Teeth Hurting from the Cold Weather?
Your teeth are very sensitive to temperature, and your teeth can actually contract with exposure to cold temperature, and then expand as they warm back to body temperature. Your teeth are able to adapt to some extent, but tiny cracks and fissures can form over time due to the stress of this movement. The cracks shouldn’t affect the integrity of your teeth, but they can cause a lot of discomfort when cold air or liquid comes into contact as those with sensitive teeth can relate to!
The Layers of Your Teeth
The enamel is the outer, protective layer of your teeth. If the enamel has started to wear away, the next layer – the dentin – becomes exposed. Dentin is very sensitive due to the nerve endings that happen to be found in this layer. This particular layer of the tooth can sense extreme changes in temperature more easily, and will create nerve irritation without the full shelter of the enamel that is typically covering it.
What causes this? Dentin exposure can be caused from the tiny cracks mentioned above, damage to the tooth, long term wear and tear from rough brushing, home whitening kits, or even highly acidic foods.
When your tooth’s root is exposed, it can cause abrupt pain when this part of the tooth comes in contact with cold air or liquid. The root of the tooth can become exposed by brushing too hard or with cross friction. They can also become exposed due to gum recession from grinding or even from gum disease.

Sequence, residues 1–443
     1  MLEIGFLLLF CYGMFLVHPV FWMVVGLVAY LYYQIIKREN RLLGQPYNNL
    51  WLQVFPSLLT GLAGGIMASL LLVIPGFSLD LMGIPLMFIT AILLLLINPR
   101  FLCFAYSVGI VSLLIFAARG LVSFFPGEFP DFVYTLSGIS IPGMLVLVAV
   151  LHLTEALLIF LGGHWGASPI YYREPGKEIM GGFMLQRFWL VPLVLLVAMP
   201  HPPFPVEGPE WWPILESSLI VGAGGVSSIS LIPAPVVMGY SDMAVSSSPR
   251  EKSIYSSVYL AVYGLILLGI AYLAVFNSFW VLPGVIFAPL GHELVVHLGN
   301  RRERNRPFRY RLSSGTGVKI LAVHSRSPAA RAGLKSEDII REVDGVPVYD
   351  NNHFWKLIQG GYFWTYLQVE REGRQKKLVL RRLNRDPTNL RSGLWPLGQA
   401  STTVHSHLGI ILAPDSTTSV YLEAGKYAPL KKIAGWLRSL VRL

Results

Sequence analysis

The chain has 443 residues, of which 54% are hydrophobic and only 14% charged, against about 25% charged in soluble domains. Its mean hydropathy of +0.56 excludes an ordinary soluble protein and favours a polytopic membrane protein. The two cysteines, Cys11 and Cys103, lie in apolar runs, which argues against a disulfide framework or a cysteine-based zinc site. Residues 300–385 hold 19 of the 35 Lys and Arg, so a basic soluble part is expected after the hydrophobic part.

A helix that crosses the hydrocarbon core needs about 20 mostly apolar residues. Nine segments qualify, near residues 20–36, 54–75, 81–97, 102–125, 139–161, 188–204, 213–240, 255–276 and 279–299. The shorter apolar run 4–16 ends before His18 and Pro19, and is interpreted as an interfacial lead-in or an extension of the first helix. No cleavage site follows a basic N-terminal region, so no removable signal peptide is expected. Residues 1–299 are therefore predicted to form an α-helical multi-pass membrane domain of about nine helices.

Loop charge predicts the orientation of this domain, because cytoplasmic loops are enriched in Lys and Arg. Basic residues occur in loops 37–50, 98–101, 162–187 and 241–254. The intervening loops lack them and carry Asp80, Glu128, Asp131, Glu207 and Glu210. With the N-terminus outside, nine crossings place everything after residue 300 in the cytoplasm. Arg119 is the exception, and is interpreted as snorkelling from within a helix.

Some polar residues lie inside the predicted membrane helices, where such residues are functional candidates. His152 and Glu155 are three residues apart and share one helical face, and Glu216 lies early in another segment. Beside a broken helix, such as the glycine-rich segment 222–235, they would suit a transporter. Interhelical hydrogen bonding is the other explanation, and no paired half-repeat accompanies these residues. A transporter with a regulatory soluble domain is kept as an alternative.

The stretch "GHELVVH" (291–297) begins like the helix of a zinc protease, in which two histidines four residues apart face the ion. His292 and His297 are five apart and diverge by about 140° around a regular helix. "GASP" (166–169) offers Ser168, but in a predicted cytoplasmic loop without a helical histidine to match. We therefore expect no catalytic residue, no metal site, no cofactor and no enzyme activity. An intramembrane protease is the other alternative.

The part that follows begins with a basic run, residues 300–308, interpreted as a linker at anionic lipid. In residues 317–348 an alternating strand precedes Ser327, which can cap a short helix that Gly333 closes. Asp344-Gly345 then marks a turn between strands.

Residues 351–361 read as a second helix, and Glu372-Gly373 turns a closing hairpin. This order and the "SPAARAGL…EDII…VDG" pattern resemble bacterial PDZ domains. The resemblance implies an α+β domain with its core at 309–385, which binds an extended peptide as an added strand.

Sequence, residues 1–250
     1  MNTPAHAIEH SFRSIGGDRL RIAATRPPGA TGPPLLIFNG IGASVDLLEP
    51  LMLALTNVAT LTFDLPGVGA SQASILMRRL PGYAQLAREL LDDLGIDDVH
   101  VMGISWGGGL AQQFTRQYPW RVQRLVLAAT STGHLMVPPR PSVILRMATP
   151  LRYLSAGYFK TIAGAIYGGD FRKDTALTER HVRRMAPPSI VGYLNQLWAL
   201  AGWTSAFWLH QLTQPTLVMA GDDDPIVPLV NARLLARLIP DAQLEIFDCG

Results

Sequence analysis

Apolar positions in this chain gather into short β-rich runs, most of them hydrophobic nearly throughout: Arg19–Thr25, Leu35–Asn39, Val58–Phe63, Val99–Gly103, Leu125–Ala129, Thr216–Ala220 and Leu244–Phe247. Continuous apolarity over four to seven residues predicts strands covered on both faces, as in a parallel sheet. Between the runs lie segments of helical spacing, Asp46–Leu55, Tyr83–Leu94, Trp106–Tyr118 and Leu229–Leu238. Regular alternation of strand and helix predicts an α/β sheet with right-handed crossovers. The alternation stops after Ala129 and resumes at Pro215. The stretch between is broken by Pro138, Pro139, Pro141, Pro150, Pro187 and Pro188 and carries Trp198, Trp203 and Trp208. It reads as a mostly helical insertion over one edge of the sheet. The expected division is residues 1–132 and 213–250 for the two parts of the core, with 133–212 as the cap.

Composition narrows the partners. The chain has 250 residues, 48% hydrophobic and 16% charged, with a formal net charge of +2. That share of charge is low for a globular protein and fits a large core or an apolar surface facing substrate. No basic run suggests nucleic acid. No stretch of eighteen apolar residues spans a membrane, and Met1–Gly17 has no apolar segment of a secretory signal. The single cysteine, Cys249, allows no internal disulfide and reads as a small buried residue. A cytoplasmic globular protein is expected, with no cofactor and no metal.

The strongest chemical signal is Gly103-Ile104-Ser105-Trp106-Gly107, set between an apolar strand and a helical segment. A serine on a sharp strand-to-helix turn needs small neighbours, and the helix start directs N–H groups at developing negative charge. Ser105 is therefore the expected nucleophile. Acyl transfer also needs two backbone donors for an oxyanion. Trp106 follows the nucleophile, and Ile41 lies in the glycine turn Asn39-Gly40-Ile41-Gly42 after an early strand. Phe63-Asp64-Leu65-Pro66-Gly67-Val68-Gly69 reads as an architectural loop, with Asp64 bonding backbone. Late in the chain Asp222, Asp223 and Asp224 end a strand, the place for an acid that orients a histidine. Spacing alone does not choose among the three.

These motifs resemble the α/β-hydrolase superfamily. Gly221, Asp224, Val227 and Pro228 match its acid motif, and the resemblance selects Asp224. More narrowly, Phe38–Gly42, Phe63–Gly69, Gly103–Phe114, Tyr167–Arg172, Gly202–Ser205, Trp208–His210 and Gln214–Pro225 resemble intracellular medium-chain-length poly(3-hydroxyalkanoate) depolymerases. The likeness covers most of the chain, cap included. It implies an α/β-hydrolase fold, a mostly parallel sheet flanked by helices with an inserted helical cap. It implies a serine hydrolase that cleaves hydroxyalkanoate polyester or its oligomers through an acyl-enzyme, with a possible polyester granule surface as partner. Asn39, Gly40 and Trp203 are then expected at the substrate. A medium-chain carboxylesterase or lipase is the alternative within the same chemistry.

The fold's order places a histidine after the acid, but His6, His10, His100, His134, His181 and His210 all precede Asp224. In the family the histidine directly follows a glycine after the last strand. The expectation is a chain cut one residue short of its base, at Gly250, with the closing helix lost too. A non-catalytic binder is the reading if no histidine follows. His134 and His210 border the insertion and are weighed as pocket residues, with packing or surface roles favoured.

Chattering Teeth or Clenching the Jaw
Some folks unconsciously clench their jaws in colder weather, perhaps as a way to attempt to stay warm. This can put unnecessary and painful pressure on your jaw and your teeth.
Tips for Dealing with Sensitivity or Pain
To warm the air before it enters your mouth, try breathing through your nose instead of your mouth, or wearing a scarf or mask over your mouth while you’re out in the elements.
Good oral hygiene habits are of upmost importance when it comes to preventing sensitive teeth and other painful tooth difficulties. Be sure to brush and floss regularly to reduce your risk of decay or infection.
Whether or not you think your oral pain is due to the cold temperatures, it’s always a good idea to get it checked out. Pain, whether temperature related or not, can signal more serious problems.
Be sure to book your appointment with professionals who know how to take care of you and your oral health. Call your friends at Longmeadow Family Dental Care today!